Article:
Mohammad Kasab is from Hyderabad, actually Secunderabad. He came here when he was 10, or 12 years old, telling his parents he and his friends were going to Bombay for a few days. That was 42 years ago. He says he is Bombay kai now. His wife was born here, his children were born here. He is the first driver from the South, and the first driver from a city, not a village. All migrations are the same, in that we are from one place and we leave it and go to another place. We spend our lives sliding back and forth along the continuum of place and home and belonging. Yet each migration is unique in where and why we left, and where we went and what we left behind, what we kept with us, what sticks to us and what falls away. Mohammad Kasab tells us his story and a lot about taxi driving. Click on ‘mohammad kasab podcast’ link below to stream or right click to download or click under podcast feed in column on right side. (24 min 7 sec)
mohammad kasab: roti milta upaar wala aasaan hain bahut
I was down at Lohar Chawl and then walked the line of taxis parked facing toward Mohammad Ali Rd, opposite from Crawford Market to find a taxi. That is where I found Mohammad Kasab sitting in his taxi in the middle of the line, in the middle of the day. I asked him what his day had been like, where his passengers has taken him around the city. In this outtake he tells me. (1 min 16 sec)
The photos below are of the Crawford Market road as we started, and turning the corner onto Mohammad Ali Rd as we drove under the flyover.
During the ride I had him stop at Ghaans Gali in Agripada. I have spent much time there, looking for radiumwallas, buying a meter, talking to taxi drivers. This time I wanted to buy more of the brightly coloured rexine mudflaps seen hanging behind the wheels of taxis and rickshaws. Ghaans Gali is where taxis go to get fixed; garage after garage and long lines of taxis, black and yellow stretching down the lane, dappled in the shade of the trees. Along with the garages are the parts and supply shops, the painters, the fender unbenders, the meter calibrators, the decoration sellers, the chaiwalas and the drivers in their khakhi uniforms, at once relaxing and anxious to get back on the road. There are more of these places throughout Bombay, though Ghaans Gali is one of the main ones in town. In this outtake Mohammad Kasab names another main one. I know why he says it. Its near his home. (28 sec)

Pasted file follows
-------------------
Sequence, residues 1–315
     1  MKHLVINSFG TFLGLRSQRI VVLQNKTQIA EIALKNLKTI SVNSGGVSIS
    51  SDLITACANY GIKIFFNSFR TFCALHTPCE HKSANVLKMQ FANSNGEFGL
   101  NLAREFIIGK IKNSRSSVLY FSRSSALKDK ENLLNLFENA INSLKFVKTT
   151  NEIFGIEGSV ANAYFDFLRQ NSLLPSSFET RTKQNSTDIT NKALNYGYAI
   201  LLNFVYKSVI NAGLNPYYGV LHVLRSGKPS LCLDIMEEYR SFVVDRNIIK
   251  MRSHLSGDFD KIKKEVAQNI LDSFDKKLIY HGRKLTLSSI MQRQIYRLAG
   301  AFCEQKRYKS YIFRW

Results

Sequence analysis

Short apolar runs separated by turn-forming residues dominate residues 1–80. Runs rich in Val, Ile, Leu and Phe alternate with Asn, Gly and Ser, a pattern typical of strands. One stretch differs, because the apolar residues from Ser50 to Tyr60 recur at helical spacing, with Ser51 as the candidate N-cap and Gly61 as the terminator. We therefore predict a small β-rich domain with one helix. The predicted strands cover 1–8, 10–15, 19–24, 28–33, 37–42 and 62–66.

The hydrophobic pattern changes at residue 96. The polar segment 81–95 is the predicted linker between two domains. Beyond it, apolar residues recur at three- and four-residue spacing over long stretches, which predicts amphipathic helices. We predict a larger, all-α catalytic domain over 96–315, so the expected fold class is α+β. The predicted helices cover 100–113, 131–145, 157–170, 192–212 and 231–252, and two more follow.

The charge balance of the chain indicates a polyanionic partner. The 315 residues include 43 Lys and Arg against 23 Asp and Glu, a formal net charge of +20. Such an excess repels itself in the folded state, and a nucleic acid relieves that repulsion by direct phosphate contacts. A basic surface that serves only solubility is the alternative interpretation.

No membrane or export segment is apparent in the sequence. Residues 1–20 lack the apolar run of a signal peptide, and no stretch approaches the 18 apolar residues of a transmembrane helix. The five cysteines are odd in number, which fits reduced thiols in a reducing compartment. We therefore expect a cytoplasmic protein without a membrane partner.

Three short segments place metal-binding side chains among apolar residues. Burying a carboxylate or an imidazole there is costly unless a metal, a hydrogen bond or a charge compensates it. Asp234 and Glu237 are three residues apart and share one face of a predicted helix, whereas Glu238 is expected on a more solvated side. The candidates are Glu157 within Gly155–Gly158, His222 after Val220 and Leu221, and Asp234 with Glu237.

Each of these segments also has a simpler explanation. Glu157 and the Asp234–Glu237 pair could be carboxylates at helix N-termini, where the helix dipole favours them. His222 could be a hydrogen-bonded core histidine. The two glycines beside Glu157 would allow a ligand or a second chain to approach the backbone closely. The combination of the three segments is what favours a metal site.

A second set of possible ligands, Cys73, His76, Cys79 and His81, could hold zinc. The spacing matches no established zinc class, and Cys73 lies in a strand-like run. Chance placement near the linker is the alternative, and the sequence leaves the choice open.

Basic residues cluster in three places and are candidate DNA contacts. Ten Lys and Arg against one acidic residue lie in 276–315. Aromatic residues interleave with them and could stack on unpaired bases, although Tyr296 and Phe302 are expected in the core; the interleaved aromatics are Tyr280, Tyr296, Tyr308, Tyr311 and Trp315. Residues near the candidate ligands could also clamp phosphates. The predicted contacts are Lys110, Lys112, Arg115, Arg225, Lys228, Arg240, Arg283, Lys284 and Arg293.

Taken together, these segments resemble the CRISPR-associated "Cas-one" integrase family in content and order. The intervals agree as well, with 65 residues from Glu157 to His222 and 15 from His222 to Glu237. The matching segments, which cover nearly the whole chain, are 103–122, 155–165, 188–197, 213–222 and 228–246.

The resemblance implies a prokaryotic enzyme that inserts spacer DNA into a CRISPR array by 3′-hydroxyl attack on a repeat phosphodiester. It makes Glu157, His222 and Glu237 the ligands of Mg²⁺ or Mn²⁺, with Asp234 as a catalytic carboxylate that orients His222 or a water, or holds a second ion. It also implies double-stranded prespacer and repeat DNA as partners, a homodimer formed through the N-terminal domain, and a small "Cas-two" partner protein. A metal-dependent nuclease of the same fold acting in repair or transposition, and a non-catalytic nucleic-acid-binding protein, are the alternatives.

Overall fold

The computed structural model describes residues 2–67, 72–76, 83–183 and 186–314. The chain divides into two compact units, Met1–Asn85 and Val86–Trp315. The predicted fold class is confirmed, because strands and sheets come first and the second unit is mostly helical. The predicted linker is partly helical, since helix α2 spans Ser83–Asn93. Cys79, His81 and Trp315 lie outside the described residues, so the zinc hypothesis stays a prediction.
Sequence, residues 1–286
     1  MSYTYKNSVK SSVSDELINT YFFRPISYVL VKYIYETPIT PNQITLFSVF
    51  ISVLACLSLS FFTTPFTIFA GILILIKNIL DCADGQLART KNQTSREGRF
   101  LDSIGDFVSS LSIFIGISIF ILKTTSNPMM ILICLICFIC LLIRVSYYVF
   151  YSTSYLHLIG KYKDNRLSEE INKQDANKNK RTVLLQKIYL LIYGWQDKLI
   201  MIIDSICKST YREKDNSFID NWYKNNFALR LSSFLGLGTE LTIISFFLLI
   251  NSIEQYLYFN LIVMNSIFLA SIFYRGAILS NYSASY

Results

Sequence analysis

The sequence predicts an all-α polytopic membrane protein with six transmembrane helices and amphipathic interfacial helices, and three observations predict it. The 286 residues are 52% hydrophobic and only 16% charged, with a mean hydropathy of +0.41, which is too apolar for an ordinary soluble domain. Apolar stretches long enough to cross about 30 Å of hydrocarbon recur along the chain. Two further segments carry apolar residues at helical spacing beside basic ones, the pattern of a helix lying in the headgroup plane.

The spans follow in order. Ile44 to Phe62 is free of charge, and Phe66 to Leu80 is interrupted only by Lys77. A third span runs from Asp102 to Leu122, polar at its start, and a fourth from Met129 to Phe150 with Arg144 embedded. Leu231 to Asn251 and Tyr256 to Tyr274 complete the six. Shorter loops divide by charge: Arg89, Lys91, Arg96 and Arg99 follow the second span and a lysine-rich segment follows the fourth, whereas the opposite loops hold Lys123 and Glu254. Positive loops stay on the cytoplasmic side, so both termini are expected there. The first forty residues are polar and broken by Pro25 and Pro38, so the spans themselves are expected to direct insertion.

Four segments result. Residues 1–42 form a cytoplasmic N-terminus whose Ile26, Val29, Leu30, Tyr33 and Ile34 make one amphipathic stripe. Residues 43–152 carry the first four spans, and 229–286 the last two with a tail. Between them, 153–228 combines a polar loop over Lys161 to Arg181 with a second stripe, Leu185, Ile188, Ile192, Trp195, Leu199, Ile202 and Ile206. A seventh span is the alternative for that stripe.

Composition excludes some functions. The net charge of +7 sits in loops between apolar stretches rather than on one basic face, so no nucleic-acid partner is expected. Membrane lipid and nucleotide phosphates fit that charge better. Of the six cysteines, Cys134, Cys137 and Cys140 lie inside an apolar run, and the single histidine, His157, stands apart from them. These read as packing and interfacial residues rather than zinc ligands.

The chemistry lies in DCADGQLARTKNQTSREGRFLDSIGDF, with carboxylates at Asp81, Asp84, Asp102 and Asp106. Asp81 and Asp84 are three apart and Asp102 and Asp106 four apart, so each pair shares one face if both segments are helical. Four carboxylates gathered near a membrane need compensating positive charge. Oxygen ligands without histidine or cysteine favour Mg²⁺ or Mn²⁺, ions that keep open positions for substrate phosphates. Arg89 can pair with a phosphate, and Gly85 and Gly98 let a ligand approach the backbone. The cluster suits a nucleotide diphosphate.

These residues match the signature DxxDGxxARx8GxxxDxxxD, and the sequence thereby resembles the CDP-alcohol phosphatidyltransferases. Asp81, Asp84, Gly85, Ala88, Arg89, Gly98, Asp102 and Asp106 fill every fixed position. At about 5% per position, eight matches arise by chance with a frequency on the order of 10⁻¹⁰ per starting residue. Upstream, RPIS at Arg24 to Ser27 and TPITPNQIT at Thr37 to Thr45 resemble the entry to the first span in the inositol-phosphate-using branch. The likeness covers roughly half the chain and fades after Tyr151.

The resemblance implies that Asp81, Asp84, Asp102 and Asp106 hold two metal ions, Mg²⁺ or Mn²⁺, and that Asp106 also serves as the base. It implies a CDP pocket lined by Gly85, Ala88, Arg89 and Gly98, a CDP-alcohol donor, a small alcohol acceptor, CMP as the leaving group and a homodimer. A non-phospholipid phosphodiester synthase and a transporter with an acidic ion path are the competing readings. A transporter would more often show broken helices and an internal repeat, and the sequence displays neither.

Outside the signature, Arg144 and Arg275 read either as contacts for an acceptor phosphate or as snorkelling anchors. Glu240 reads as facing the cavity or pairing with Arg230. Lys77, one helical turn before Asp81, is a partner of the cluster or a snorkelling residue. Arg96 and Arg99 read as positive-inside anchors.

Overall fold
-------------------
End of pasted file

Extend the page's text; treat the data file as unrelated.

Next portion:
Mohammad Kasab at Ghaans Gali:
In the podcast we talk about the Mills and their absence and the new city that is emerging in that space. Passing Dadar he talks about another absence, the Dadar wholesale market that has been pushed out of the city boundary, across the river and into Vashi. Byculla Market, Crawford Market and Dadar Market…..all once wholesale, now the next link down in the chain, each losing bits of their vibrancy and altering the routes of taxi drivers who trace the changes as they ferry the passengers who follow the goods. (1 min 9 sec)
I sit leaning forward in the back seat, draping my arm over the drivers seat with my small digital recorder in my hand, holding it in front of the driver’s mouth. The first time I tried recording, I sat in the front seat. At each signal we stopped, someone, in a car, in a taxi, yelled over to us, asking what was going on. Sitting at these long signals there is nothing to do but look around or watch the decrementing LED counter – 84-83-82-81-80…….. until its your turn. So people notice my forward pitch, my outstretched arm, a handheld small white object. We were idling at the Mahim Church signal, waiting to turn right onto the causeway. The beggar came begging and then the Cool Cab driver next to us noticed something different in the kaali-peeli next to him. (44 sec)